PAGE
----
In March Gaetano Donizetti led the Italian premiere in Bologna with great success. The soloists included Clara Novello (soprano) and Nicola Ivanoff [it] (tenor). Donizetti reported the public's reaction:

The enthusiasm is impossible to describe. Even at the final rehearsal, which Rossini attended, in the middle of the day, he was accompanied to his home to the shouting of more than 500 persons. The same thing the first night, under his window, since he did not appear in the hall.[3]

Despite the fact that the work is markedly different from his secular compositions, Northern German critics, as reported by Heinrich Heine in an essay on Rossini, criticised the work as "too worldly, sensuous, too playful for the religious subject."[2] In response the French music historian Gustave Chouquet has remarked that "it must not be forgotten that religion in the South is a very different thing from what it is in the North."[4]


The Stabat Mater is scored for four vocal soloists (soprano, mezzo-soprano, tenor, and bass), mixed chorus, and an orchestra of 2 flutes, 2 oboes, 2 clarinets, 2 bassoons, 4 horns, 2 trumpets, 3 trombones, timpani, and strings.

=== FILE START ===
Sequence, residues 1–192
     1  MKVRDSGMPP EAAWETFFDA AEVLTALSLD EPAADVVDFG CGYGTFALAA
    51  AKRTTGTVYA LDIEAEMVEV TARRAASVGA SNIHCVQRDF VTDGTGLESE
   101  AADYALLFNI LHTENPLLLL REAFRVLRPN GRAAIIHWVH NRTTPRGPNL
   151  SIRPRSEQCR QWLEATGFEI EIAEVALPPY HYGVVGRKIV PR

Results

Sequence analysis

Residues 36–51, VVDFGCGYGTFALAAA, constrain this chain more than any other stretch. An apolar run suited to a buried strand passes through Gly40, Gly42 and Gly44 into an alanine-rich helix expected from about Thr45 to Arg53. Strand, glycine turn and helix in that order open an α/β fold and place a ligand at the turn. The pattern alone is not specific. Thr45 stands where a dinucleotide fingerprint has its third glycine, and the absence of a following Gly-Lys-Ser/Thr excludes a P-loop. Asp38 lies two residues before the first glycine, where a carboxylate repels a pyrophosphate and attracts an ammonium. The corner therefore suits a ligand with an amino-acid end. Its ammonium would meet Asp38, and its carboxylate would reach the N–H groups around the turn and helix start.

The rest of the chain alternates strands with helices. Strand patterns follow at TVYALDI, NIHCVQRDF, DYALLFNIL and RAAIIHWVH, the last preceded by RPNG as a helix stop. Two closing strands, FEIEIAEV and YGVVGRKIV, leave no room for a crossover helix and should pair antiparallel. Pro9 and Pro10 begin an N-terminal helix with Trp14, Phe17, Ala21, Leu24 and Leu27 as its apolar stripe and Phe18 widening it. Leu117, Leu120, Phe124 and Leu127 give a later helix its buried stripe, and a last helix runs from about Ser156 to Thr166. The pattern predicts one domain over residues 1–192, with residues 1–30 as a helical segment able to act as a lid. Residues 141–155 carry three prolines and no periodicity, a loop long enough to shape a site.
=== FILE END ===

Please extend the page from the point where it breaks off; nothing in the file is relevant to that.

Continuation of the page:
Rossini divided the poem's twenty 3-line verses into ten movements and used various combinations of forces for each movement:

  1. Stabat Mater dolorosa (verse 1) – Chorus and all four soloists
  2. Cujus animam (verses 2–4) – Tenor
  3. Quis est homo (verses 5–6) – Soprano and mezzo-soprano
  4. Pro peccatis (verses 7–8) – Bass
  5. Eja, Mater (verses 9–10) – Bass recitative and chorus
  6. Sancta Mater (verses 11–15) – All four soloists
  7. Fac ut portem (verses 16–17) – Mezzo-soprano
  8. Inflammatus (verses 18–19) – Soprano and chorus
  9. Quando corpus morietur (verse 20) – Chorus and all four soloists
  10. In sempiterna saecula. Amen (not part of the standard text) – Chorus